Lady Gaga: Chromatica

Posted June 6, 2020 by in Dance pop



4/ 5


Genre: , , ,
Producer: , , , ,
Label: ,
Genre: Dance-pop, disco, EDM, synthpop
Producer: Bloodpop, Axwell, Lady Gaga, Burns, Morgan Kibby, Madeon, Skrillex, Tchami
Label: Interscope, Streamline
Format: Digital download, compact disc, vinyl
Time: 43:08
Release Date: 29 May 2020
Spin This: "Rain on Me," "Alice," "Free Woman," "Enigma"


Upbeat through and through and disco vibes aglow, Gaga sound vibrant, at home as dance-pop princess


Some of the lyrics are littered with warts and some musical motifs sound awfully familiar, even tracing some of Madonna's biggest bops and house nostalgia.

Gaga goes back to her dancey roots, drops one of her best albums to date

by J Matthew Cobb
Full Article

Gaga goes back to her dancey roots, drops one of her best albums to date


During this era of quarantine madness and art cancellation due to COVID-19 blues, almost any field of entertainment has been wary in making a plunge into this type of uncertainty. But leave it to Lady Gaga — born Stefani Joanne Angelina Germanotta — to make that leap of faith, to push content when it isn’t the best of circumstances. And she does it on her seventh LP, Chromatica, where she makes a terrific leap backward to the glory days of her EDM sprints. Almost every disc before it showed a sweet progression into new territory and artsier ambitions, flowing from crooner jazz (Cheek to Cheek) to more of a singer-songwriter minimalist buzz (Joanne). Each disc became a different journey, but for Chromatica, the main album producer Bloodpop (born Michael Tucker) peels back the layers on Gaga’s now-nostalgic disco-leaning days and goes all the way in. The end result: a cathartic, storytelling adventure pieced together with constant four-on-the-floor endorphins dedicated to the preservation of pinnacle ‘90’s house music and highly accessible electropop.

“Alice,” an EDM take on Lewis Caroll’s infamous children’s tale, is an abundant rave to the ear. “Take me home, take me to wonderland,” she sings on the radiant chorus. At three solid minutes, this track spares the rollercoasters of exasperated pop by focusing on a warm and inviting chorus and solid beats perfect for A Night at the Roxbury. “Stupid Love” is a little fancier, channeling all the gagging outbursts of Lady Gaga’s early works (see “Poker Face,” “Born This Way”). Dropping Giorgio Moroder-inspired drum programming thuds and ‘80s synth magic into the uptempo mix, it works for the first repetitive plays. After a while, you’re hungry for more. And it’s because the chorus only rings “I want your stupid love” along with ineligible baby like chants, leaving a vibe that the songs is hardly complete. But stylistically and for a cute floor bop, it works.

Thank the Gaga gods for “Rain on Me,” the following track. Yes, the emphasis of the song’s glow will fall on the collaborative gathering of Ariana Grande into Gaga’s universe, but it’s a far better experience musically. The swirling house beats and the airy vibes of Grande atop a celestial melody feels perfect for any posh dance floor. “Free Woman” is just as rewarding, and “Fun Tonight,” albeit a buzzkill for dancefloor blues (“When I’m sad, you just wanna play/I’ve had enough, why do I stay?”), transports listeners into a whirly pop-heavy euphoria.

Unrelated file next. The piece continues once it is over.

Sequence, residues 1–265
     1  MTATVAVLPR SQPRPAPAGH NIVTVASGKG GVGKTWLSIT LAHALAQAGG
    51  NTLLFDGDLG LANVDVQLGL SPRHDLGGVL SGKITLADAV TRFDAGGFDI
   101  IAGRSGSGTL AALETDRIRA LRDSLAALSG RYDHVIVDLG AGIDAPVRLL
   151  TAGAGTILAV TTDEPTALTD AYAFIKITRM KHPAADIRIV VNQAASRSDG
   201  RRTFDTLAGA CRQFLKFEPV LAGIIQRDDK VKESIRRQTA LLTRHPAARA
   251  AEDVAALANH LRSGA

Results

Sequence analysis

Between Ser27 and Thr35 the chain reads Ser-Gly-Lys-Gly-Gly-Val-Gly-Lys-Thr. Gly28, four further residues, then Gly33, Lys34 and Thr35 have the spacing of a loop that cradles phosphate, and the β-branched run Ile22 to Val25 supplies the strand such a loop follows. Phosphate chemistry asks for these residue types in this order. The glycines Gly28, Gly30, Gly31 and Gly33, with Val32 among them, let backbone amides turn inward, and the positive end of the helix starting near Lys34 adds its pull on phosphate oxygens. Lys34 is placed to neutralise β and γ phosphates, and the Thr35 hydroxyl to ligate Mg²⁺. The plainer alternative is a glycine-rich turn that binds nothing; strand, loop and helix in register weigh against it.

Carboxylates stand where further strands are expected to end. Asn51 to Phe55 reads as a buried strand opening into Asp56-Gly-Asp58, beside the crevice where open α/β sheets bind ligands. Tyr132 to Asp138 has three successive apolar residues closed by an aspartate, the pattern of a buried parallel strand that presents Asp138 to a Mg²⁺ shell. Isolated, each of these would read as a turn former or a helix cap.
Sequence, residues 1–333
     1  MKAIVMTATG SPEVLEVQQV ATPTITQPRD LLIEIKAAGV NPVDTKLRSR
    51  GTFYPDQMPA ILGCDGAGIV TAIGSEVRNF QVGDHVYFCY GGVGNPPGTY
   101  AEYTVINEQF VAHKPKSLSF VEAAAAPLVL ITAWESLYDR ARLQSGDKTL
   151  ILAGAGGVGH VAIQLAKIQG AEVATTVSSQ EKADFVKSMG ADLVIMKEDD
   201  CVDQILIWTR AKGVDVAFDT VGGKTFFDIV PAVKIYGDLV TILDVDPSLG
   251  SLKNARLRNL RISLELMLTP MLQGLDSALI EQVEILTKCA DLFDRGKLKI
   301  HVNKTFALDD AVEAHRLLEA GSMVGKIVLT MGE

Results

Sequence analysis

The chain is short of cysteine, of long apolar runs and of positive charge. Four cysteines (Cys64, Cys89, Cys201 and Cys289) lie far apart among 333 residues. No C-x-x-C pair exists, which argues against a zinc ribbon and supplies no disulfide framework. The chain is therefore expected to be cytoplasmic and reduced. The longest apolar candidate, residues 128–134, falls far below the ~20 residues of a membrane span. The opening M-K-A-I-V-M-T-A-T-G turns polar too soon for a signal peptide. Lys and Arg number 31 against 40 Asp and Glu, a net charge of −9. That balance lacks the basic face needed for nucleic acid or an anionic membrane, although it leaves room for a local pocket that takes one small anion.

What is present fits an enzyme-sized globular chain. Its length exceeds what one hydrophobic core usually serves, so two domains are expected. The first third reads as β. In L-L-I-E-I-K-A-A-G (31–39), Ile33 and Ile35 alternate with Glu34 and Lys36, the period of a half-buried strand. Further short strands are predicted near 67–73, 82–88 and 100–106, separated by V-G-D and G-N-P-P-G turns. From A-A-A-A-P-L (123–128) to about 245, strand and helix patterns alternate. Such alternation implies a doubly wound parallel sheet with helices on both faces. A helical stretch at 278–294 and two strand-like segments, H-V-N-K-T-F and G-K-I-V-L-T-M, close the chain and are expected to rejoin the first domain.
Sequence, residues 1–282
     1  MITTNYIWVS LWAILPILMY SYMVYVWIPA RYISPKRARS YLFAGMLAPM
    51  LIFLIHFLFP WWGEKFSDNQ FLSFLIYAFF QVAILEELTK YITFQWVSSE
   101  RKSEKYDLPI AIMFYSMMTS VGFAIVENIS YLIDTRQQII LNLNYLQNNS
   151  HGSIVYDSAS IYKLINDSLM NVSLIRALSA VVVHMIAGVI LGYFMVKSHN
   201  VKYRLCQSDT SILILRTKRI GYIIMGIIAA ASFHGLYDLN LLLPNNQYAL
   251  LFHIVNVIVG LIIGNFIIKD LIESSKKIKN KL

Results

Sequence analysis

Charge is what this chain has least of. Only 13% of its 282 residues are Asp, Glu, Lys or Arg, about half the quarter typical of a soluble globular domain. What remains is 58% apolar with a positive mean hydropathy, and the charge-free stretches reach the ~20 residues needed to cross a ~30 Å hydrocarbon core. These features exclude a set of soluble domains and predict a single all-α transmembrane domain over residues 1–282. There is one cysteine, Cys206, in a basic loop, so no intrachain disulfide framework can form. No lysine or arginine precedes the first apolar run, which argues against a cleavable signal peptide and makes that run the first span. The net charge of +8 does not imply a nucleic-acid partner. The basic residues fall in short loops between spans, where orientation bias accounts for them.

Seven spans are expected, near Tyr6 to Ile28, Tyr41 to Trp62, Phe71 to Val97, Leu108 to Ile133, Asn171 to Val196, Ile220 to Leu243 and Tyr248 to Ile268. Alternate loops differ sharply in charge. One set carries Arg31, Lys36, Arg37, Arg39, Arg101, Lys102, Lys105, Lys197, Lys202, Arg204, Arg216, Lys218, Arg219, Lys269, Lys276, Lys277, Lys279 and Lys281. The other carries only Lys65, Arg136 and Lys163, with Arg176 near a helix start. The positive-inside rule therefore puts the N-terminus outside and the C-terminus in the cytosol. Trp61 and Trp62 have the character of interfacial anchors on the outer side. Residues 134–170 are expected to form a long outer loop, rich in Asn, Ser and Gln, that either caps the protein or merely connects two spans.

The pleasantries extend evenly to the second half of the disc. Although there’s a B-side candidness perched here, the songs are still edible treats. Even with the injected interludes, Chromatica is essentially a non-stop dance party. “Enigma,” which title wise borrows from her top brass Vegas show, plays like Crystal Waters house (but with Gaga vocal soaring),” Elton John finds an EDM home on the spacey “Sine From Above,” while the Skrillex co-produced, Betty Who-leaning “Plastic Doll” gains attention for telling a smart Barbie story about living in a box and finally coming out to deal with the harsh expectations of the world. And there’s also “1000 Doves,” which stretches like a Calvin Harris or Disclosure workout. She does hit a creative sour patch when she leans too heavily on her contemporaries for the next artsy breakthrough. “Sour Candy” eerily copies Katy Perry’s “Swish Swish,” while “Babylon,” as good as it grooves, traces the echoes of Madonna’s “Vogue” rap with ferocity. It’s rather pleasant to see her come out of those obstacles with some saving grace, when her play on words turns “Babylon” into something else: “That’s gossip…Babel on.”

Also, as she reaches for lyrical prowess, she does stumble into some historical snafus. “We can party like it’s B.C./With a pretty sixteenth-century smile,” she sings at the top of “Babylon,” the album’s closing track. Cute that she quasi-referenced Leonardo Di Vinci’s legendary Mona Lisa, but that painting was made in A.D., not B.C. Slightly changing the lyric to say “party like it’s B.C., BUT with a sixteenth-century smile” would’ve sufficed. Little errors like this diminish the grandeur of Gaga’s work. In the long run, it sometimes feels as if her songs are forced quickly from important incubation stages. A little more time at the drawing board would’ve helped fleshed this songwriting opportunity into a possible breakout song.

Faux pas aside, this is a mighty return to her electro-pop glory, what ignited the easy comparisons to apex Madonna. Some might call it her writing the wrongs of Artpop. This isn’t as agitating, bewildering or super-otherworldly. Nothing comes off obnoxious. It’s like a heir to Donna Summer (think 1977’s Once Upon a Time), or a distant cousin of Dua Lipa’s terrific Future Nostalgia. Both of those albums together, Dua Lipa’s and Chromatica, might be all we really need for this year’s dance party playlist. Only thing really missing is a Tom Moulton remix of any of these bangers.


About the Author

J Matthew Cobb

Managing editor of HiFi Magazine


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